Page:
By Matthew Barrett
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A strange combination of remarks by Boris Johnson recently. First he flip-flopped on an in/out European referendum, saying last night that he now supports a position far more like that of David Cameron.
Then today he half-toed the line on a UKIP pact. He said the public had had enough of pacts and coalitions. So in one sense he backs the CCHQ line, but also, by implication, criticised the current coalition.
The third remark came on Boris' trip to India promoting London as a global hub for business. He said:
"In interviews ahead of a speech to prospective students at Amity University, the equivalent of Oxford or Cambridge, Mr Johnson said he was worried the "mood music" from Whitehall was putting the very best off applying. … "The policy on visas is, in my view, sending out the wrong signal. There are so many stipulations that we are starting to lose business to Australia, America and Canada." … "It's a great idea to have a London that is open to that kind of business. I am saying to Government 'Don't do things that is going to cause unnecessary alarm and prejudice against the UK'.""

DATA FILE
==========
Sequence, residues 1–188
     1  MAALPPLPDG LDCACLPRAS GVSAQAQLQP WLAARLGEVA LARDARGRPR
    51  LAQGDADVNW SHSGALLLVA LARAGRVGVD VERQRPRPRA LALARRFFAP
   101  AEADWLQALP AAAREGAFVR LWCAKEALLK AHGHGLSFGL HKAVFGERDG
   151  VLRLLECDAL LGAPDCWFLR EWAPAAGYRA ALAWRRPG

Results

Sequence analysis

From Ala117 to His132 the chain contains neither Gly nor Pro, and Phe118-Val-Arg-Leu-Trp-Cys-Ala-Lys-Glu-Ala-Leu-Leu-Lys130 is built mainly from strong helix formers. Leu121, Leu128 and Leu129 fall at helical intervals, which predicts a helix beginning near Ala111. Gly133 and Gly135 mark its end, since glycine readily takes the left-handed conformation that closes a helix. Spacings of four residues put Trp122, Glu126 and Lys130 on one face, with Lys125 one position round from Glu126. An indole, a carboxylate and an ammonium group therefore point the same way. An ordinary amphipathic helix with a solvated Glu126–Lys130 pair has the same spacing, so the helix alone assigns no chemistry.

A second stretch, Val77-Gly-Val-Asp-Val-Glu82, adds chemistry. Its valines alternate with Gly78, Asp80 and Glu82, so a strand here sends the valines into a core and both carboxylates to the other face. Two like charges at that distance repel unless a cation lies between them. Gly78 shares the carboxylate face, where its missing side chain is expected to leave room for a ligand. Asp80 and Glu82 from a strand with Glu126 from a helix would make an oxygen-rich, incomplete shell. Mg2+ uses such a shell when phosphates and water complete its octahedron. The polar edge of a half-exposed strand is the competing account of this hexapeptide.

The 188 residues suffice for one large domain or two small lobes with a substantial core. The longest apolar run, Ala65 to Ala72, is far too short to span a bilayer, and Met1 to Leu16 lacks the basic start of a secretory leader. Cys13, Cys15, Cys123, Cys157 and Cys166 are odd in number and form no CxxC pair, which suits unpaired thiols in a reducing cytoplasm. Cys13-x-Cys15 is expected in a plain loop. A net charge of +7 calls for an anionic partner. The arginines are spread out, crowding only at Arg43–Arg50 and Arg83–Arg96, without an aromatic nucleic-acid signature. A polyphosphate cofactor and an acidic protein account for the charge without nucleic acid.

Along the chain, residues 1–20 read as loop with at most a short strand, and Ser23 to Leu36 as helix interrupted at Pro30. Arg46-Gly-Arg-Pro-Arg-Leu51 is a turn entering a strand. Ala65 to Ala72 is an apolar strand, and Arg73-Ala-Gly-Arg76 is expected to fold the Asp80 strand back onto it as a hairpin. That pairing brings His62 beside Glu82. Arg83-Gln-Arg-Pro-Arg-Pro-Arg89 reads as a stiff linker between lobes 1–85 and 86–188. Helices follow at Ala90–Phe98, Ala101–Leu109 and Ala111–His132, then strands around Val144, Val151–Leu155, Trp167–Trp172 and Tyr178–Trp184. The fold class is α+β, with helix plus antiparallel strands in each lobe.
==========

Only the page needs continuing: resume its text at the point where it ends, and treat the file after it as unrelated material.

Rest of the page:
This isn't a new stance by Boris – indeed, the Mayor of London has had a liberal immigration policy for the duration of his mayoralty. However, his quick-fire combination of pro-Downing Street (or perhaps more directly, pro-business/the City), half-pro-Coalition and anti-Conservative-policy statements will raise eyebrows.